AW: There's a discipline to it and a level of commitment on a daily basis that I wasn't completely aware of. I wasn't aware of how much time and how disciplined every single day a lot of the people would be. I grew up Catholic, and discipline would be going to church on Sunday. But for a lot of evangelicals it's all pervasive.
Stephen Plunkett: I also find that it gives them an extra resolve and power because of that personal relationship and it gives their convictions a strength because they actually believe they are the convictions of God.
NS: What other things have really surprised you while you've been here?
SC: One thing that's been really revelatory to us is just the amount of shit going down in Colorado Springs ALL THE TIME, and on so many fronts. Whenever we do something like this we try to find dynamic and interesting people who are leading dynamic and interesting lives and you have to dig around a bit. But in Colorado Springs you just walk out the door. I think it's because the social environment and that so many things are brought to the the surface and the fronts where these various communities rub up against each other are really heightened and intensified. So everyone, Christian or not, is sort of involved in the question in a way that … like everyone here had to deal personally with the fall of Ted Haggard. So something that we would take for granted, like being a high school student who doesn't believe in God, is a very intense experience here. We've been overwhelmed by the vast amount of material we've collected so far.
AW: I've been surprised at how open everyone has been to talk to us.
[Steve Cosson leaves for an appointment]
NS: How do you feel about the process?
AW: I love it. I always feel like in my alternate life I'd like to be a journalist. So it's great to do something that combines both things.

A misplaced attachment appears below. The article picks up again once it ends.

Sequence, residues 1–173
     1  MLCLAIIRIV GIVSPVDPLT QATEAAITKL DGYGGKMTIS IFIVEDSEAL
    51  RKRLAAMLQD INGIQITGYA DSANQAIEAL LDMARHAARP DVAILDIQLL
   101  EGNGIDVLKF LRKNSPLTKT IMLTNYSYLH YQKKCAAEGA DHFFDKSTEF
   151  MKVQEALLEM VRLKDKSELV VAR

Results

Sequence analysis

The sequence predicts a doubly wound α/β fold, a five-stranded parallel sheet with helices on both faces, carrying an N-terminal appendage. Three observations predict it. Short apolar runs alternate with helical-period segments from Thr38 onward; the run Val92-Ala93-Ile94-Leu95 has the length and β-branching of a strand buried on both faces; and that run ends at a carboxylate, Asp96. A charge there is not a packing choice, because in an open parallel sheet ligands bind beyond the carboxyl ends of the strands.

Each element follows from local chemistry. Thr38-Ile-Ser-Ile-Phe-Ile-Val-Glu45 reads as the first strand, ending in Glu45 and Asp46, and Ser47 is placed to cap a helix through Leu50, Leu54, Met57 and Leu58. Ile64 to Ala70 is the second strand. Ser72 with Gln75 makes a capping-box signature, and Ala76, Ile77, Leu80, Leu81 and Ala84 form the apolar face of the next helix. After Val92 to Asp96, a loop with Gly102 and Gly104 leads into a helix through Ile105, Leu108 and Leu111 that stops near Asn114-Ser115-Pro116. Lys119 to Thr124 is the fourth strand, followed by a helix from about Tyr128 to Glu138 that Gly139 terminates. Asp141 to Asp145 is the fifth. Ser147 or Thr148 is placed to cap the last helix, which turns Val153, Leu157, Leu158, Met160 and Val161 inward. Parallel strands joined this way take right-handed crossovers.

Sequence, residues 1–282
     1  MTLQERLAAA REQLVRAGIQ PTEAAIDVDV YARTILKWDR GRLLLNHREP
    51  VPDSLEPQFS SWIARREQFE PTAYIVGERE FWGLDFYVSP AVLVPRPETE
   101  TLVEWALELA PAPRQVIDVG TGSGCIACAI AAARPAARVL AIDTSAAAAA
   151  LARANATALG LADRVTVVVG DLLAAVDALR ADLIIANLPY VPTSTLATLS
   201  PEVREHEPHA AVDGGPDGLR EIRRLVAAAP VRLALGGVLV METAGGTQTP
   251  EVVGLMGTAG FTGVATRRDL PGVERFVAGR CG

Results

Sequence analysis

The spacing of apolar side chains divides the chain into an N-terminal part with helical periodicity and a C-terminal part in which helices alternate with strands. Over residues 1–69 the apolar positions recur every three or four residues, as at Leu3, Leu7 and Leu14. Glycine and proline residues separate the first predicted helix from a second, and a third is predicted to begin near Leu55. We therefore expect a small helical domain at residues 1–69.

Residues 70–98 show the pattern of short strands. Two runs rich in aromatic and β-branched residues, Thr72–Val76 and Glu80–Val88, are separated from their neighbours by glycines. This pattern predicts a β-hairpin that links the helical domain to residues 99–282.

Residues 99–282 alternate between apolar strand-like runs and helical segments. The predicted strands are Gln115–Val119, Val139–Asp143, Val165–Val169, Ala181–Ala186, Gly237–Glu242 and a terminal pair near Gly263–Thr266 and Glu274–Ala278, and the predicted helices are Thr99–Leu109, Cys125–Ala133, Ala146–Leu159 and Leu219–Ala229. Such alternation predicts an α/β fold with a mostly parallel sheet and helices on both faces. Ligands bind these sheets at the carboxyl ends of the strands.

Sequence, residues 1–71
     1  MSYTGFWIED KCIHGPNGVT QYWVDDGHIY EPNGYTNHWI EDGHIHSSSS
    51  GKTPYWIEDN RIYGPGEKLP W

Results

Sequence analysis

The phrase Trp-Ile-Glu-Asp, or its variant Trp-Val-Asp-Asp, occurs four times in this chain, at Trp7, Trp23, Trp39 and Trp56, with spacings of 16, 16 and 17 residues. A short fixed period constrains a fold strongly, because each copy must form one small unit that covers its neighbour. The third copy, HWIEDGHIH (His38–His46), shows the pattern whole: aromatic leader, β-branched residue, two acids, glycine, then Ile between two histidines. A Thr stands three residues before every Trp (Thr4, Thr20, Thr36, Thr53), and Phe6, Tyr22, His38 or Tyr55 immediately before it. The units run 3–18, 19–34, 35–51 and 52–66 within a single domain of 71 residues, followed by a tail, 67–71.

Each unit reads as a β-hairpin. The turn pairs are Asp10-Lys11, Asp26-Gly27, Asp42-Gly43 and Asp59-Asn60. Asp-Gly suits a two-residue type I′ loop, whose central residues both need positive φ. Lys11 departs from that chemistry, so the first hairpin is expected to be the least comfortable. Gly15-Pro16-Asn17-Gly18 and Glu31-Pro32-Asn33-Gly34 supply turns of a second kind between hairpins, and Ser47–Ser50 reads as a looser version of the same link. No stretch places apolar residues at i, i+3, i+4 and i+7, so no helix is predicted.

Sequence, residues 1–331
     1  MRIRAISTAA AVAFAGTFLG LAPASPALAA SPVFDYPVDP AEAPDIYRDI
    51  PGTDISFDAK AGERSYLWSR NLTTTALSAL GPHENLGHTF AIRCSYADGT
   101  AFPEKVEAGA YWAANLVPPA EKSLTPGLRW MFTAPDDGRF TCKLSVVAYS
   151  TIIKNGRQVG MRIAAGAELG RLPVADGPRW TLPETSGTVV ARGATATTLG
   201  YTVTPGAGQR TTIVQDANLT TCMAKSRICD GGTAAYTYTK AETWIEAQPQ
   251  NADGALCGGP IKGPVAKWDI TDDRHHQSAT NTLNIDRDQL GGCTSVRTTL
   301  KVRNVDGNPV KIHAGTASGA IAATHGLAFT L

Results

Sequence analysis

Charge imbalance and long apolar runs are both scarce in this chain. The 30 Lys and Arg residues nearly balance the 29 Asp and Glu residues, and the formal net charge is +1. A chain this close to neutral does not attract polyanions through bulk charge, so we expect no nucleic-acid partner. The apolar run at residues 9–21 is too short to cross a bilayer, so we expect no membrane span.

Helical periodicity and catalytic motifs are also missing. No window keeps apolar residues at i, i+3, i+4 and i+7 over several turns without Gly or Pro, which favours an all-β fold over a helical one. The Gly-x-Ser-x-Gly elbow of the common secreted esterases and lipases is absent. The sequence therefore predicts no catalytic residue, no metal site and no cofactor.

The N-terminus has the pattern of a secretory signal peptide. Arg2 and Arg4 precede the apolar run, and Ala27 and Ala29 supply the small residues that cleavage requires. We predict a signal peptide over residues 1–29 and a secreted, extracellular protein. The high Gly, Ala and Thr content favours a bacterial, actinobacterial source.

SP: I look at it mostly as an opportunity to learn about a lot of different people. As an actor, it's good to spend time with people and learn what makes them tick. I like the journalism side, but I mostly feel like it's important to do something topical.
AW: I get a writerly joy out of it from talking to people and finding the golden nuggets that drop out of people's mouths, and everyone has a story of some sort. It's really exciting.
SP: If you ask people the right questions, they'll tell you their best stories that they've told a lot and that they tell really well.
NS: What can you tell me about the production so far?
AW: Literally the entire time we've been here we've been doing interviews and going to services. I'm not bullshitting you: we have no idea.
SP: Part of our process is that we interview people and then get together as a group and present the people we've interviewed as characters. There's a lot of military stuff, a lot about New Life, there's a lot about the queer community. We have some gay military personnel.
Tickets are $5 for the general public, $2 with a Colorado College ID, and $2 for students. Tickets are available at the Worner Campus Center Information Desk, 902 N. Cascade Ave. or you can call 389-6607 for more info.